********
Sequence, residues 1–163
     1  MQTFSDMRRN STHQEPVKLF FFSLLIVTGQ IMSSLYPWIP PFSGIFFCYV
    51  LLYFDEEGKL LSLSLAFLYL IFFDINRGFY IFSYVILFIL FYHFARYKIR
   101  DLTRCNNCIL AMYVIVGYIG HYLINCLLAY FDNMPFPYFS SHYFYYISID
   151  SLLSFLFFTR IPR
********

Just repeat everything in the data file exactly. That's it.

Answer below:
Sequence, residues 1–163
     1  MQTFSDMRRN STHQEPVKLF FFSLLIVTGQ IMSSLYPWIP PFSGIFFCYV
    51  LLYFDEEGKL LSLSLAFLYL IFFDINRGFY IFSYVILFIL FYHFARYKIR
   101  DLTRCNNCIL AMYVIVGYIG HYLINCLLAY FDNMPFPYFS SHYFYYISID
   151  SLLSFLFFTR IPR